Honoring the Constitution

Scott Ballard District Attorney

September 27, 2013

Maybe you missed it. You probably did. Not many people knew about it.

I’m talking about Constitution Week. It was September 17-23.

The kids at Upson-Lee North Elementary School remembered. They had their annual skit.

The first year I was invited to attend, they were in the parking lot of the school. This time, they are in the beautiful and brand new Fine Arts Auditorium. Parents and grandparents pack the place. Other students are there, filling even the balcony. Video recorders roll. Cameras flash.

You should see these kids. They dress like colonists. They wear wigs. Some have the three-pointed hats.

They march in and take their seats and a narrator speaks. When it is time for them to disagree, they shake their fingers at each other. They turn their backs and cross their arms. They walk out in protest.

When they recess to let heads cool, other kids come in and do a little dance. I guess you would call it a minuet. They bow and curtsy.

The chorus sings.

Ten students come out and explain each of the first ten amendments which are, of course, the Bill of Rights.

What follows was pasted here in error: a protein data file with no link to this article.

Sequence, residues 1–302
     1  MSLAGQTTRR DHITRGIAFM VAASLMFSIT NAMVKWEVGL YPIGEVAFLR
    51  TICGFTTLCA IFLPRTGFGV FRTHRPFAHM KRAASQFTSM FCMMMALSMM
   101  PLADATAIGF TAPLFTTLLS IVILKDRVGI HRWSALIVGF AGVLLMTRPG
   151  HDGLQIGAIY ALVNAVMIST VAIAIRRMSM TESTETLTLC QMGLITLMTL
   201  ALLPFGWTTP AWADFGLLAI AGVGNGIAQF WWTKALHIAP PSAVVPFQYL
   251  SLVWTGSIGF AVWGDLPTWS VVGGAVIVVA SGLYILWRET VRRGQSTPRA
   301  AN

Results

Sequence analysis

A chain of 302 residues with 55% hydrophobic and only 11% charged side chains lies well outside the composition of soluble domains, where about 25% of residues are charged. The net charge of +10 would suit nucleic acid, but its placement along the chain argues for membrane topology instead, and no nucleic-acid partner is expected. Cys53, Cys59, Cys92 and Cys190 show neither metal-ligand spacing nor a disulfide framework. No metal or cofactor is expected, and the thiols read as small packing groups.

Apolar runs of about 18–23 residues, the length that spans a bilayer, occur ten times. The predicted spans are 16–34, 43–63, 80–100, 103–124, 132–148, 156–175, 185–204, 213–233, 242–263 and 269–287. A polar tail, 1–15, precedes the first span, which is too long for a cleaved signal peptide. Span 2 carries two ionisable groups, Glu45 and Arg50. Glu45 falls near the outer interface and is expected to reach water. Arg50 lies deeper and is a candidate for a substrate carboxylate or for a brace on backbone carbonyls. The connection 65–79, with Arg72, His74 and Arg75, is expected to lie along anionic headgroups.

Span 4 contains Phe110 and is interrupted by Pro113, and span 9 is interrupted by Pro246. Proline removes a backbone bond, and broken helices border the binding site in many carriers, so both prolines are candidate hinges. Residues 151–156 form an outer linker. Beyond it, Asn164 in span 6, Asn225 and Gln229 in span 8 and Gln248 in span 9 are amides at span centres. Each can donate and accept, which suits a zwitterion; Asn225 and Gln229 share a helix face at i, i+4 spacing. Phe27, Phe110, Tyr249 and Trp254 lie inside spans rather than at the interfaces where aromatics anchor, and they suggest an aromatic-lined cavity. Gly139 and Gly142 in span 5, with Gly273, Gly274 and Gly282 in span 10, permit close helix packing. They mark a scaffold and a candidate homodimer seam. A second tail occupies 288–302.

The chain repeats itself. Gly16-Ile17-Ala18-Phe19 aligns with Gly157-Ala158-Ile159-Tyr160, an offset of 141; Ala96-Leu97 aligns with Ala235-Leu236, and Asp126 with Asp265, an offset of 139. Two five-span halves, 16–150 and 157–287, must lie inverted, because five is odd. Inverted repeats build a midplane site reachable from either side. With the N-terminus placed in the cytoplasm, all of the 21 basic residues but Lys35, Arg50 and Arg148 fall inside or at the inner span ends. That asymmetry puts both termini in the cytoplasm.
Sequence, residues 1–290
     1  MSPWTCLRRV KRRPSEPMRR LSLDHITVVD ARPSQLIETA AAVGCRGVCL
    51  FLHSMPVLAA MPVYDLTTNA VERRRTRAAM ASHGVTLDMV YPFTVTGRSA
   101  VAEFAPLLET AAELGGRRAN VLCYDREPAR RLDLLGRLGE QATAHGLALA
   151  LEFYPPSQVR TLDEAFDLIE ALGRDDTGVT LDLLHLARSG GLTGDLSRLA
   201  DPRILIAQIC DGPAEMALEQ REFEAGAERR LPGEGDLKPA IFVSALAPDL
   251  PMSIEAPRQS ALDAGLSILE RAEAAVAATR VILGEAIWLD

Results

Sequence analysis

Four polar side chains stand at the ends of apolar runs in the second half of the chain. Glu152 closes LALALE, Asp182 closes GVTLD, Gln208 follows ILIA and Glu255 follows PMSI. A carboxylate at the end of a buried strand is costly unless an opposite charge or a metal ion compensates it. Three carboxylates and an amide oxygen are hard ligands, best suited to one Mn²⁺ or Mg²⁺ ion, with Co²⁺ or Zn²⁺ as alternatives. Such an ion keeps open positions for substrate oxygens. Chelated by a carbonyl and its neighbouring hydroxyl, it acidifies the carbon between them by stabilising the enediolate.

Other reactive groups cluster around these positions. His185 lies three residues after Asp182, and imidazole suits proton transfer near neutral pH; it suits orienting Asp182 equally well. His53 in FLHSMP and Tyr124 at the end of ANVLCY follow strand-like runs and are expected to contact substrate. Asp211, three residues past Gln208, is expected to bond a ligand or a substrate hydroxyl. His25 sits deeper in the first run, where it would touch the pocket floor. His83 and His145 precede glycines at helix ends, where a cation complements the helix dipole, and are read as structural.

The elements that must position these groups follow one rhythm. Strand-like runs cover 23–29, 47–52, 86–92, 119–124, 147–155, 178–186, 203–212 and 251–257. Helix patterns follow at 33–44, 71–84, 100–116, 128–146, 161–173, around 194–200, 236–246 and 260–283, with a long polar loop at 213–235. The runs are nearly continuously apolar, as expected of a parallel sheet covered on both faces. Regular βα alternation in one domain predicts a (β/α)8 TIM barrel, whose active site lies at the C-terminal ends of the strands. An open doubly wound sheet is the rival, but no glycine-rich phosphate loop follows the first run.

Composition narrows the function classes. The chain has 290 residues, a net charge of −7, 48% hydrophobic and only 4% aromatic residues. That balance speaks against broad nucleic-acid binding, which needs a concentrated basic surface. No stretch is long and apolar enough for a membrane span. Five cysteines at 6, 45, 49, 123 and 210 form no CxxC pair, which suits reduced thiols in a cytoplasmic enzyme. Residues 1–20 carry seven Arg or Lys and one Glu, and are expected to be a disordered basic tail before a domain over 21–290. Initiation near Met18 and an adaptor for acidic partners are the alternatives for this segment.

Others recite the Preamble.

“We the People of the United States, in Order to form a more perfect Union, establish Justice, insure domestic Tranquility, provide for the common defense, promote the general Welfare, and secure the Blessings of Liberty, to ourselves and our Posterity, do ordain and establish this CONSTITUTION for the United States of America.”

When the delegates return they reach a compromise. The narrator calls the roll by state.

“Delaware!” The Delaware delegation marches to the desk and signs the document with a quill pen.

The process repeats itself until all thirteen states have signed.

Just like that, we have a country.

Meanwhile, my staff was busy holding trials in Fayette. They rode to work in cars, they prepared on computers, they sent messages on cell phones.

But, the Constitution that they enforced is the same one the delegates signed in Philadelphia on September 17, 1787. At 4,440 words it is the shortest constitution for any major country. It is also the oldest.

That’s because it is the best. And I am grateful to the students at Upson-Lee North Elementary School for honoring the Constitution of the United States of America.